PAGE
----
Transcript of Efficiencies Expert Jason Helfenbaum On How To Increase Your ROI Through Training And Efficiencies
The Case For Taking Your Company Public With Successful Entrepreneur Jon Stoddard

Jeffrey Feldberg: [00:00:05] Welcome to the Sell My Business Podcast. I'm your host Jeffrey Feldberg.

Are you thinking about an exit or liquidity event?

This podcast is designed to help you increase the value of your business, and at the same time, give you the certainty to capture the maximum value in your liquidity event.

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Jon welcome to the Sell My Business podcast. I'm really excited to have you with us today and for our listeners here's what you're in for. Jon has a very unique perspective. Are you thinking about raising some capital? And I definitely know you're thinking about selling your business or having a liquidity event.

When you want to win, it's really important that you know what the person across the table is thinking about, and what they go through and what their challenges and opportunities are. And that's exactly what you're going to find today with Jon. So, Jon, welcome to the podcast, such a pleasure to have you here.

Why don't we start with the story behind the story, Jon, how did you get to where you are today?

Jon Stoddard: [00:01:43] Thanks for the invite. Jeffrey, I really appreciate this. I've been following you on LinkedIn and I love your podcasts.

Jeffrey Feldberg: [00:03:17] Thank you.

Jon Stoddard: [00:01:49] I've been an entrepreneur all my life, entrepreneurs go through ups and downs, but I started way back in the engineering school in Northern Arizona.

And then I worked for software companies for a number of years. Small companies, big companies. At some point, I just got together with my CEO and said, hey, this is in the dot com era. And I said, hey let's build a company. It was a marketplace company called Turbo Squid.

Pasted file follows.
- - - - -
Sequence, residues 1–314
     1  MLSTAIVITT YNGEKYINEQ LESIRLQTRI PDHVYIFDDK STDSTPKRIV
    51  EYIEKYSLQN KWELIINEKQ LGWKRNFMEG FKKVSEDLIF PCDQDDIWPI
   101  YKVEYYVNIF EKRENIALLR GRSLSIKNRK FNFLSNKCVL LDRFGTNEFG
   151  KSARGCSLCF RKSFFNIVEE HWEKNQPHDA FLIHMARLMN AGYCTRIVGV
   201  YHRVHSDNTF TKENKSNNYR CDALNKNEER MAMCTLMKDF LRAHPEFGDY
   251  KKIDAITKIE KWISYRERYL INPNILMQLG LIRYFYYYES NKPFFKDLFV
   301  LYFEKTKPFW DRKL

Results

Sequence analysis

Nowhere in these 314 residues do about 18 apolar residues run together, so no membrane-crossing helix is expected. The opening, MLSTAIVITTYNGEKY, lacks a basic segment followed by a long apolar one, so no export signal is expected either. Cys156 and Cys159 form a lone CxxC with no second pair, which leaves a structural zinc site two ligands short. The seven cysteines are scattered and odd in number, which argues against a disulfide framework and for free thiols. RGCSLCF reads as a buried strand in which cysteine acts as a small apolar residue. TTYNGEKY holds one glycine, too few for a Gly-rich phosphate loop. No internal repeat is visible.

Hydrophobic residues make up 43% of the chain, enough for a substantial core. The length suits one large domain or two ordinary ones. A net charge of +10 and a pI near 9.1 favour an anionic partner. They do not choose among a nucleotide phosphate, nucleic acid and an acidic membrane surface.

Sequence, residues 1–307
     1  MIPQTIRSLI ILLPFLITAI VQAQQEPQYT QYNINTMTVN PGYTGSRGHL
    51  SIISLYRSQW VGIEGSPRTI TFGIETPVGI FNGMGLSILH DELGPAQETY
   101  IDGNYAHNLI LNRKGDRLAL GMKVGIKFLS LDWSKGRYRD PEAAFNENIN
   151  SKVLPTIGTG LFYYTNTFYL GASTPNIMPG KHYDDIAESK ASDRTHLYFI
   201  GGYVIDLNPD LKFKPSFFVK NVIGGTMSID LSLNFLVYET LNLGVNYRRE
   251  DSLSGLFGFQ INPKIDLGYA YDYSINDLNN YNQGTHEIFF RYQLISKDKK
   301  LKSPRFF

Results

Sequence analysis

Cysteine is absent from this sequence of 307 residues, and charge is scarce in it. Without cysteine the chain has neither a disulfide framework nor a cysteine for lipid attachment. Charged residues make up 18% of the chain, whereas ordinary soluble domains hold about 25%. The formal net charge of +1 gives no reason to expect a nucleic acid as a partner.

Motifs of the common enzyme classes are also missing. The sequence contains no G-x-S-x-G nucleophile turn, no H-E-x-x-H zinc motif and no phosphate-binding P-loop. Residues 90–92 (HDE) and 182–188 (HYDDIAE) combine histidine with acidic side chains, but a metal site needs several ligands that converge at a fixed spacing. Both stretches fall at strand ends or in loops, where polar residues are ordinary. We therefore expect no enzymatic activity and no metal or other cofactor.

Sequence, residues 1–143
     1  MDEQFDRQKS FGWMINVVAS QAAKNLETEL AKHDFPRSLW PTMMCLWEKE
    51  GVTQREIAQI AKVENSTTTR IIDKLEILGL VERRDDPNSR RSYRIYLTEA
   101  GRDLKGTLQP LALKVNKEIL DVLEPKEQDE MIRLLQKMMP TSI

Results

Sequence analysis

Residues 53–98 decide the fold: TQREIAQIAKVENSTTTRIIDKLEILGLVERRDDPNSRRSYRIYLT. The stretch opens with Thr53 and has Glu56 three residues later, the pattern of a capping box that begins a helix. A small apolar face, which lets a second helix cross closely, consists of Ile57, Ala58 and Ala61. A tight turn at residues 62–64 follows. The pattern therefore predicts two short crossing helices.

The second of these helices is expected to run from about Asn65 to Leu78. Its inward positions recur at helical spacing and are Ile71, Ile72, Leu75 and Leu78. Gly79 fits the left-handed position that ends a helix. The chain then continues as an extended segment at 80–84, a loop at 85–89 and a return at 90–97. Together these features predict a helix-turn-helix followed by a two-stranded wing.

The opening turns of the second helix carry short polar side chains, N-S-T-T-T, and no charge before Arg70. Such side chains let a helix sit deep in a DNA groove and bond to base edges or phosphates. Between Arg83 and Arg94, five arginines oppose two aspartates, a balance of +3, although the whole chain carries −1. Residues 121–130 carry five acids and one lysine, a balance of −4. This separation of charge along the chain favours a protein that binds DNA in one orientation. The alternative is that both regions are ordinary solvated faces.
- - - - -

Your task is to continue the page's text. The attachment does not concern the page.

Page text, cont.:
It sold 3d assets to animators, it's buying and selling. This was just after eBay. So, there was nobody writing blogs about KPIs or metrics then. We just had to find some inventory and we had to find buyers and that took a long time to get together. We raised capital from Intel and Kodak just tagged along there because they were trying to get out of film and they put some money in and a local VC.

So, when we raised that company and that’s doing well, it's the number one marketplace in the industry for 3d assets and just recently sold to Shutterstock. So, that's a nice deal there.

And then we just kind of migrated into working with startups. Raising capital for them. A couple of years ago, I started working with a buddy of mine who was an attorney out in San Diego. We started with investor relations. Helping companies sell the story on stock.

And then we migrated into working with OTC companies over the counter and looking for companies needing help raising capital and helping them acquire do M&A work for their business. So, that's where we're at right now.

Jeffrey Feldberg: [00:03:17] So, you've run the full gamut here. You started a company, you built that up. Got that out there. All the challenges with. You recently sold that. That's wonderful. The important thing here for our listeners is that you've been down this path and that you've done that and that you can relate to what a business owner goes through from really start to finish.

Jon, as you're going out there right now, let's firstly, start with what you're seeing today?

Jon Stoddard: [00:03:39] Yeah. So, we're seeing a couple of things. If I look at the OTC markets business, I mean, that's AAA clubs for baseball to the major league, but OTC markets, there's a number of businesses out there that would like to grow and just need help to grow. And the OTC markets is actually cleaning that market up.